(ANTIMEDIA) — Thanks in part to the Washington Post, we now have a fairly decent idea of who was ultimately behind the denigration of relations between Qatar and a number of the Gulf Cooperation Council (GCC) states, particularly Saudi Arabia.
According to the Washington Post, the United Arab Emirates (UAE) orchestrated the hacking of Qatari government news and social media sites in order to post aggravating (but false) quotes attributed to Qatar’s emir, Sheikh Tamim Bin Hamad al-Thani, in late May. The publication of the quotes, which seemed to show Qatar’s praise for Iran and the Palestinian-based outfit Hamas, was one of the key events that kicked off the current crisis, as they were not received well by Saudi Arabia and a number of other Gulf states.
The Post reports:
“Officials became aware last week that newly analyzed information gathered by U.S. intelligence agencies confirmed that on May 23, senior members of the UAE government discussed the plan and its implementation. The officials said it remains unclear whether the UAE carried out the hacks itself or contracted to have them done.”
The hacks and posting took place on May 24, shortly after President Trump completed his sword-dancing tour of Saudi Arabia in which he essentially riled up an anti-Iranian Middle Eastern army.
On June 5, 2017, Anti-Media reported on a number of leaked emails from the account of the wealthy and influential UAE ambassador, Yousef al-Otaiba. Those emails discussed relationships with Qatar. Almost as if on cue, the Gulf crisis went into full swing in the days that followed, which ultimately made Otaiba a prime suspect regarding the denigration of relations between Qatar and the rest of the Arab world.
In a statement released in Washington by Otaiba, the UAE said the Post article was “false.”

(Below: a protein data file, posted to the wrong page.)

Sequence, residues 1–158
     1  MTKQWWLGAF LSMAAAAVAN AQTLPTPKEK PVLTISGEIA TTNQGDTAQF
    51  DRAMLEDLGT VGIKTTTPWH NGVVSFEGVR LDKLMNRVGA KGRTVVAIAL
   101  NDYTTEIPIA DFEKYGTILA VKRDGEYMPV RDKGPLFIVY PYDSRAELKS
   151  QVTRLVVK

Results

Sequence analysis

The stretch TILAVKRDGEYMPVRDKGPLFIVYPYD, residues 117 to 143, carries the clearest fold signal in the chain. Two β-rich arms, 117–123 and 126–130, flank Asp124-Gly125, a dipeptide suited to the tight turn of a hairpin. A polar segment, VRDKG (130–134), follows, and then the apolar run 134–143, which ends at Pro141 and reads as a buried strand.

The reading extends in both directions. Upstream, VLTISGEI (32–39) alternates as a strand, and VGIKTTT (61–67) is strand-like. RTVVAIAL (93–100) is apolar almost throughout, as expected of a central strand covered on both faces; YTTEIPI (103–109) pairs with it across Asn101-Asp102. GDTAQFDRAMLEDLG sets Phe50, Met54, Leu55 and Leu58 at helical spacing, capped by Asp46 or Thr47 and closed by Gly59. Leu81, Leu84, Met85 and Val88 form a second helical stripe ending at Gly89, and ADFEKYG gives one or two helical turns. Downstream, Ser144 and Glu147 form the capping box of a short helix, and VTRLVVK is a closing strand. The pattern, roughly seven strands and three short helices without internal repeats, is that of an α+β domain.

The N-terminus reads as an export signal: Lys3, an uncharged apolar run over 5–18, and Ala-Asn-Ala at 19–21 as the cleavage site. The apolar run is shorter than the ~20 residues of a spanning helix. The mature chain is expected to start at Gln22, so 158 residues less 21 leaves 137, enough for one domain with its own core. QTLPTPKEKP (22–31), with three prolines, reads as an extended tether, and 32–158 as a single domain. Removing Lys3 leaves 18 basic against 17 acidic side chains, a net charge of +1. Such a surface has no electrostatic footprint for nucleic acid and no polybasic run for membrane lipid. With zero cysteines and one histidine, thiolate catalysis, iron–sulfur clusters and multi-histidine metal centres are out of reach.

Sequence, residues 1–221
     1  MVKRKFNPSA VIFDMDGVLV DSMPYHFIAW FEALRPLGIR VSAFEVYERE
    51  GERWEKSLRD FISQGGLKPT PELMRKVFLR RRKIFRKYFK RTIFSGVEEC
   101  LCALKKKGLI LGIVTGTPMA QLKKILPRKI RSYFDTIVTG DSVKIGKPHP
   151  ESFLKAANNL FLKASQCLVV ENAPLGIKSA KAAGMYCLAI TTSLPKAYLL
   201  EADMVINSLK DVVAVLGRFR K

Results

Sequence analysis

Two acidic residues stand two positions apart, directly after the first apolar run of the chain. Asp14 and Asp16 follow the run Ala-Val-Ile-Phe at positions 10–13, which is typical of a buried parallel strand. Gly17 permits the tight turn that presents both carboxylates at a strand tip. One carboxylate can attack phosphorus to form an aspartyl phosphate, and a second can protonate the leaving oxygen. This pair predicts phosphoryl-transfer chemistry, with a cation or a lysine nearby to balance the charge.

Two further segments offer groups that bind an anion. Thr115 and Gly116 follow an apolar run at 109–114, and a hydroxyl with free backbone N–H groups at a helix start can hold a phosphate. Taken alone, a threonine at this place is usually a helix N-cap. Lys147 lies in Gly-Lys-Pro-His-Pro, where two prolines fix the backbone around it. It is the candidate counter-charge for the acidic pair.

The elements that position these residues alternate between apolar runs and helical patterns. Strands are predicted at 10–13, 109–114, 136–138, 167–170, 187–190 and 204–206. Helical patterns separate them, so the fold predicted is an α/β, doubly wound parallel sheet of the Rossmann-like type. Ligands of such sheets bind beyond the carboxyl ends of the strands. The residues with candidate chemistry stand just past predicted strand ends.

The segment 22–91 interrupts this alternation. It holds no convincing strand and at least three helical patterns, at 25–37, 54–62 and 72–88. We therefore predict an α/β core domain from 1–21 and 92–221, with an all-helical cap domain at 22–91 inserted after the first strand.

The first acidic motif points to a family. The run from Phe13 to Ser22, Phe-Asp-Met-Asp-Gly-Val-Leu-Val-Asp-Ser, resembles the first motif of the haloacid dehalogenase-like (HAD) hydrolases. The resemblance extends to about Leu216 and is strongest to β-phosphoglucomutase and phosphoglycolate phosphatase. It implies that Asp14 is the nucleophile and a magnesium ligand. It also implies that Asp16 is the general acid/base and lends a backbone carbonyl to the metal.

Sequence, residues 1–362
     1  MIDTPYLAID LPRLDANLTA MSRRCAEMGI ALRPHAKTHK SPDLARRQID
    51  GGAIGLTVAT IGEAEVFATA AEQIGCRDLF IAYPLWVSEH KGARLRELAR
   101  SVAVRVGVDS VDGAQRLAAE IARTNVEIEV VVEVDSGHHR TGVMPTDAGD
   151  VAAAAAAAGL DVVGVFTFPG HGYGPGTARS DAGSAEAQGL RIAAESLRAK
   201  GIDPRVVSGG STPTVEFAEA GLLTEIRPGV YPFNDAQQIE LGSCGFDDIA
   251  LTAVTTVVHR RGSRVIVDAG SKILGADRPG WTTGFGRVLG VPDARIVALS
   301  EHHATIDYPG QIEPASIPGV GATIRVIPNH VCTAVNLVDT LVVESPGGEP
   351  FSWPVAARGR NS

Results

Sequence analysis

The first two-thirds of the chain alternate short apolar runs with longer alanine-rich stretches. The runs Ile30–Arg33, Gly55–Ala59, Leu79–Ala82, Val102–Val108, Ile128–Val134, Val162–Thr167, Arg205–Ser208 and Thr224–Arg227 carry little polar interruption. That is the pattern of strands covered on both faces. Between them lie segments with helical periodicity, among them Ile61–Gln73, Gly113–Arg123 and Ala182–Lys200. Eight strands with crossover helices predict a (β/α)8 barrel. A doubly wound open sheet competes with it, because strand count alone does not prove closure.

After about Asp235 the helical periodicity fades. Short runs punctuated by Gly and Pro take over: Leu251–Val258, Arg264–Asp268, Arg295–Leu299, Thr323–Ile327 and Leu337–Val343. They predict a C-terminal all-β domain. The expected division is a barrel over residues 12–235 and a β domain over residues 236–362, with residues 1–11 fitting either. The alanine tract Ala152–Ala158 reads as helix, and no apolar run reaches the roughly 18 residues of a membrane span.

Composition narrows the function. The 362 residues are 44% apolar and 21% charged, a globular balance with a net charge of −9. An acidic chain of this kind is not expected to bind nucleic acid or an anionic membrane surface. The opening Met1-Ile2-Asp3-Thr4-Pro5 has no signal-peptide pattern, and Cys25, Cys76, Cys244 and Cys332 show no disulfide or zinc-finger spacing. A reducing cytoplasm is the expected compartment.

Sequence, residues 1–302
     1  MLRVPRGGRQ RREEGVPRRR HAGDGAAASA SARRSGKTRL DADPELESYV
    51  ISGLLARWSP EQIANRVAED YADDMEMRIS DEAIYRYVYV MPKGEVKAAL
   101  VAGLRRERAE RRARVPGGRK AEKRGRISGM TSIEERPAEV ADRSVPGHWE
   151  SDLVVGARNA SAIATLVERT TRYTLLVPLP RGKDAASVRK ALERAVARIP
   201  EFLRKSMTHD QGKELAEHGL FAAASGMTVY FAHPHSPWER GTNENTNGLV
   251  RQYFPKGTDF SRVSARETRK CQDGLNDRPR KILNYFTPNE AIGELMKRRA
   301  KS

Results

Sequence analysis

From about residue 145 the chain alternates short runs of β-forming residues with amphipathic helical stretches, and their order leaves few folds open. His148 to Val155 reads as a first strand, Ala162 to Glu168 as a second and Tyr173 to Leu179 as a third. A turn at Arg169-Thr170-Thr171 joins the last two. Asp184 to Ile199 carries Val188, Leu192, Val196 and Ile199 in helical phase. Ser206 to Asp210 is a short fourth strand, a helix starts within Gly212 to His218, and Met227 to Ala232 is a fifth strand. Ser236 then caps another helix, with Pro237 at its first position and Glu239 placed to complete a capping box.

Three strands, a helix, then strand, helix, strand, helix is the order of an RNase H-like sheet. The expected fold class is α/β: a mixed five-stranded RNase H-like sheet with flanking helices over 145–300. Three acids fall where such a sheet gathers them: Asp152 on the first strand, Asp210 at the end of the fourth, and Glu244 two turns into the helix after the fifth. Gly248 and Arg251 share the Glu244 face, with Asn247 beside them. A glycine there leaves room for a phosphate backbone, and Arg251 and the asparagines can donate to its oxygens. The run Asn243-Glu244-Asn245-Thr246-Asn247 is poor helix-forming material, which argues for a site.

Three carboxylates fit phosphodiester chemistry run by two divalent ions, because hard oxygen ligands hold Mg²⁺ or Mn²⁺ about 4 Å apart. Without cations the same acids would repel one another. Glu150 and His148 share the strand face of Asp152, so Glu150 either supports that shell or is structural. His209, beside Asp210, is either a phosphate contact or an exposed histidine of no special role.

“The UAE had no role whatsoever in the alleged hacking described in the article,” the statement said. “What is true is Qatar’s behavior. Funding, supporting, and enabling extremists from the Taliban to Hamas and Qadafi. Inciting violence, encouraging radicalization, and undermining the stability of its neighbors.”
Anti-Media has covered some of the geopolitical undertones of this crisis (see here and here), but the UAE’s specific role in this crisis is worth highlighting on its own here. While the UAE is aligned with these other GCC nations in its distaste for Iran and its desire to bring Qatar to its knees, it transpires that the UAE has a hidden agenda of its own.
Qatar hosts the American military’s largest base in the region, al-Udeid, which currently houses over 10,000 American personnel. This is important because the UAE wants this base removed from Qatar and wants to host the American military themselves.
In one of the leaked emails from Otaiba’s Hotmail account, John Hannah, a senior counselor at the Foundation for Defense of Democracies and a former aide to Vice President Dick Cheney, complained that an Emirati-owned hotel was hosting a Hamas conference. Otaiba responded that if the U.S. moved its military base out of Qatar, the UAE would move the hotel in question (a tit-for-tat solution).
Traditionally speaking, this was a closer-doors policy of the UAE until Otaiba admitted this strategy publicly.
“If I want to be honest, I think the reason action hasn’t been taken against Qatar is because of the air base…The air base is a very nice insurance policy against any additional pressure,” Otaiba said, as reported by Bloomberg.
“Maybe someone in Congress should have a hearing and just say, you know, ‘Should we consider moving it?’”Otaiba added. “And maybe not moving the entire base. Maybe just distribute to various countries so you don’t have all your eggs in one basket.”
So how does President Trump feel about this dilemma – despite the fact that the Qatar crisis has quite clearly been instigated by other powerful players behind the scenes?
According to the Washington Post, Trump might actually be on board with this proposal.
“We’ll be all right,” he said. “Look, if we ever have to leave we would have 10 countries willing to build us another one, believe me. And they’ll pay for it.”
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